Save yourself the 2 extra hours of driving.
Attractions En Route
On your way, consider brief stops at these highlights:
- Directions: well signed just past Chilliwack.
- Not a must do but good for stretching your legs if you were stuck in rush hour traffic.
- Directions: at the southern end of Highway #5.
- Fascinating history behind these old train tunnels which have been converted into a walking trail.
- Look down from the first trestle to see salmon jumping in the right season (I saw them late July).
- This is usually my last stop before reentering city life en route home at the end of the trip.
Lunch, Groceries, & Gas
- The wilderness driving begins at the town of Hope so gas up.
- Depending on your route, you’ll pass through Merritt and Kamloops, or Penticton, Kelowna, and Vernon. You can stock up on groceries at any of these or in Revelstoke further on.
Before you hit Revelstoke you’ll pass through the cute town of Sicamous, “houseboat capital of Canada”, in which I personally enjoy stopping by the Narrows for a stretch and snack. Believe it or not, I liked this town before I discovered, at precisely the moment of this writing, that it has the same slogan as Hennessey Travels: Live More.
Revelstoke is surrounded on all sides by the many ranges of the Columbia Mountains and a pleasure to drive through, but I don’t recommend hiking in Mt. Revelstoke National Park: the access road is incredibly long and the bugs we encountered in July were dense, including lots of huge dive-bombing horseflies (you can see them in the photo gallery).
Glacier National Park
The big mountains start in Glacier, a fascinating area with a rich history (a stop at the visitor centre is highly recommended), and there are a lot of hikes in the area.
But beware, this park has a reputation for STEEP trails. This park feels to me a like a compressed version of the Rockies—denser ranges, and therefore steeper trails. For this reason I recommend giving the trails a pass if you’re time limited.
If you add a day, I recommend Glacier Crest (12.7km round trip, 1,100m elevation gain, 4-6 hours) for in-your-face glacier & deep valley views:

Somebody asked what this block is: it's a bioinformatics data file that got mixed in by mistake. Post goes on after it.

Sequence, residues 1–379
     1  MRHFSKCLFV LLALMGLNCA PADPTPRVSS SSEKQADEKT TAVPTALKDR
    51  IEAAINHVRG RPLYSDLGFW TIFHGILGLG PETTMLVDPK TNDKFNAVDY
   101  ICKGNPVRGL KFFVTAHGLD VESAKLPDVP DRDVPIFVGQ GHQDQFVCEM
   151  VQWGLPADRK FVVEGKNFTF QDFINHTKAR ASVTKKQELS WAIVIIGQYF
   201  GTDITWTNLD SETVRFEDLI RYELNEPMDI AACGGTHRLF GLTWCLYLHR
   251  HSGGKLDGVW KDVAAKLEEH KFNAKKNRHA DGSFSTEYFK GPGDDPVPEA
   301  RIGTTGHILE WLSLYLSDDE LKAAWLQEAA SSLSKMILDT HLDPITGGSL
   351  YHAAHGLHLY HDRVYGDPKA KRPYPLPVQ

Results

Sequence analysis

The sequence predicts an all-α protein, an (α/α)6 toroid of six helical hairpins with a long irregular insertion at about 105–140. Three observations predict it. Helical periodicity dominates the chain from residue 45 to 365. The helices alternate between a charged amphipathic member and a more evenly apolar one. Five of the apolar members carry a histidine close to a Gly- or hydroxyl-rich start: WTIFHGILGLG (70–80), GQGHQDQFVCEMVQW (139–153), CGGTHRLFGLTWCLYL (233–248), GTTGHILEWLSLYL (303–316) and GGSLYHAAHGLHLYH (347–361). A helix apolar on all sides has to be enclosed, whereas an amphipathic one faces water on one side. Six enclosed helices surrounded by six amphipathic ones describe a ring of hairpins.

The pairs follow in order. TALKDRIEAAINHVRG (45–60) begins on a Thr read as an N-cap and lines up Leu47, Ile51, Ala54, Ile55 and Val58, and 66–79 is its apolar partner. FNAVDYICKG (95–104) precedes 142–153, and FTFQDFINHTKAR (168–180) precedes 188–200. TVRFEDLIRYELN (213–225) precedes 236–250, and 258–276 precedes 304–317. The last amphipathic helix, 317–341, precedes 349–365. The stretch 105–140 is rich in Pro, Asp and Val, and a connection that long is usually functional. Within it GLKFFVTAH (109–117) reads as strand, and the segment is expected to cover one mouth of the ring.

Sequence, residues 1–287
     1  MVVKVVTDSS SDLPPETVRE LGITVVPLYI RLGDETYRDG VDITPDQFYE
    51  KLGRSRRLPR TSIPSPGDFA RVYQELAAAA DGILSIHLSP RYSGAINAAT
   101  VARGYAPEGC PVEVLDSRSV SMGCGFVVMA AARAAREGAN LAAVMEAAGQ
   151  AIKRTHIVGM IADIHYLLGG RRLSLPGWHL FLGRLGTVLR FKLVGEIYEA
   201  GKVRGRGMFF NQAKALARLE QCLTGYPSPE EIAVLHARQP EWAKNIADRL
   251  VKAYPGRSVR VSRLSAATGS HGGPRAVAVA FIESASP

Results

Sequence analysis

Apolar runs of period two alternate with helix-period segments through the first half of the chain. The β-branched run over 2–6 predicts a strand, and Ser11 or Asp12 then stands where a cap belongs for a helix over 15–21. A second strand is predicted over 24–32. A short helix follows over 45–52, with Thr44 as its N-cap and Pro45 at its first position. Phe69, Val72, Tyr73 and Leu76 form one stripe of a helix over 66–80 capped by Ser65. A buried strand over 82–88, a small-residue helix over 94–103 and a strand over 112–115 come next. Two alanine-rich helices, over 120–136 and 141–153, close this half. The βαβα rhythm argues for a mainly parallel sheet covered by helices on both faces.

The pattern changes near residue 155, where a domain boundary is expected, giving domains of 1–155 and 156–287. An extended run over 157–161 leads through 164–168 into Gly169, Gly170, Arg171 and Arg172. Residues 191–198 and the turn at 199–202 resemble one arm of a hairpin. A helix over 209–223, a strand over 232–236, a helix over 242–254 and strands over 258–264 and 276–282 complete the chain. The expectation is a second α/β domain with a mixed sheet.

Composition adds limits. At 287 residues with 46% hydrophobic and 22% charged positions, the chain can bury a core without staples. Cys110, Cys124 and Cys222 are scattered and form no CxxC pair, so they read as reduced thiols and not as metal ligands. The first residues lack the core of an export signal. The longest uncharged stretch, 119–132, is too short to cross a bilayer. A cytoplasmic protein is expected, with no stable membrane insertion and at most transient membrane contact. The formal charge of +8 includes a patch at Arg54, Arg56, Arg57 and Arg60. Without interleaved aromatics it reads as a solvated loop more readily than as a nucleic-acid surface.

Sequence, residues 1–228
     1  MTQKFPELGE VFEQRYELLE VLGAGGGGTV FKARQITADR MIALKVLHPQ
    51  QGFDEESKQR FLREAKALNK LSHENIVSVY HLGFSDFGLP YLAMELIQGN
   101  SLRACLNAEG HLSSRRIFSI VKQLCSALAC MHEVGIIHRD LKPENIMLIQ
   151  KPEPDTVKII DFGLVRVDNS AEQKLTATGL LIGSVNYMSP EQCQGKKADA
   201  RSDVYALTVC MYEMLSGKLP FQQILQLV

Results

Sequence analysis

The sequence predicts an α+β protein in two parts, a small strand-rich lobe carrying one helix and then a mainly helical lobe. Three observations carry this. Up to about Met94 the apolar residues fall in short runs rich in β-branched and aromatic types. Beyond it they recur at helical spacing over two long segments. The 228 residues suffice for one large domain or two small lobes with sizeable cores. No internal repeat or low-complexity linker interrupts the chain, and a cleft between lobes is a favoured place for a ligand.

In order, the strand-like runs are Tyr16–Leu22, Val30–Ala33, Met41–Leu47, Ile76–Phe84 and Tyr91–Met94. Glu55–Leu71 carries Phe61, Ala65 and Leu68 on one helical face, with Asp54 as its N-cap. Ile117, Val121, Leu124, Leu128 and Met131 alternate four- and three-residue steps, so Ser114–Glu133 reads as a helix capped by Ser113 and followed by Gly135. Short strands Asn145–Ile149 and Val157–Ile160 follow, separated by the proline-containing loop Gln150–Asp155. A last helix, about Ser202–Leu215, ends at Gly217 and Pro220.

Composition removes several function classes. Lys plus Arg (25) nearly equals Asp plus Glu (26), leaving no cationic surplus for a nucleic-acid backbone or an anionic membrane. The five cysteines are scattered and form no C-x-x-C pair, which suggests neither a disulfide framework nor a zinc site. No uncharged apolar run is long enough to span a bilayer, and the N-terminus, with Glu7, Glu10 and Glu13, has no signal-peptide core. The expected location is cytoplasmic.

Abbott Ridge (15.9km round trip, 1,400m elevation gain, 4.5-6.5 hours) is even more highly recommended but I haven’t personally had the chance as snow lingers longer and there’s apparently one steep slope to be aware of so you need to time the season right.
I’ve also hiked Balu Pass (11.4km round trip, 860m elevation gain, 4 hours), a bear dense area (the trail and surrounding geography was named after bears after all…), but you only get the best views at the very end of this trail and they’re not as striking as the other two, but the valley is still quite pretty.
Beware the elevation and mountain-weather nature of this park if camping. We had a huge thunderstorm roll through on my last visit: in under 30 minutes we went from sunny clear blue skies to pea-size hail and lightning every 15 seconds in an inky black sky.
Recommended Places to Stay near Glacier
Note: some accommodation links in this post are affiliate links to places we have stayed or would confidently stay. At no cost to you, we may earn a small percentage if you book through the link. These links help keep this site running–thank you for your support!
Day 2 – Lake Louise & the Plain of 6 Glaciers Hike
Today is your first day in the Rockies, and I guarantee it’s a day you will remember for life. Iconic Lake Louise with the Victoria Glacier in the backdrop is pretty, but the best is to follow.
There is a lot of parking available and I never had a problem with an afternoon arrival but if arriving in the morning, an early start for less crowds on the trail and access to parking would be ideal.
Plain of 6 Glaciers & Beehives Hike
- 20km round trip, 1,140m elevation gain, 6 hours
- Plain of 6 Glaciers and Beehives Trail Map
You WILL encounter crowds. Huge crowds. This was probably the busiest trail I’ve ever encountered.
I still enjoyed the experience for the 4 Highlights I’ll mention below, but if solitude is important to you, I would recommend replacing this hike with some other trails in this region, or nearby. In particular, consider Helen Lake near Bow Lake (16.7km round trip, 750m elevation gain, 5-6 hours).
I recommend a loop that will hit all of the primary features of the Plain of 6 Glaciers and Beehives trail system, but you can customize the plan to your desired distance.
Walk past the Chateau on the main trail around the lake (northwest side) and follow the right branch towards Mirror Lake and Little Beehive. You’ll begin to climb towards the lake, and past the lake follow the right branch to the Little Beehive with views over Bow Valley (Highlight #1).